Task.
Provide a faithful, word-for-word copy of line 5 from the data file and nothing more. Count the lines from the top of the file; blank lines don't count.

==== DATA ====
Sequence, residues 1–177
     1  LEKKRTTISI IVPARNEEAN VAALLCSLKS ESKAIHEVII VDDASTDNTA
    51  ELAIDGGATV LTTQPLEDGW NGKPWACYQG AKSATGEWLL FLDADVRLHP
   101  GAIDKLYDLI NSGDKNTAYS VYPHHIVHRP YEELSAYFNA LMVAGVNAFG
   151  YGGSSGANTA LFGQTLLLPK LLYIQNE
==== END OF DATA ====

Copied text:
   151  YGGSSGANTA LFGQTLLLPK LLYIQNE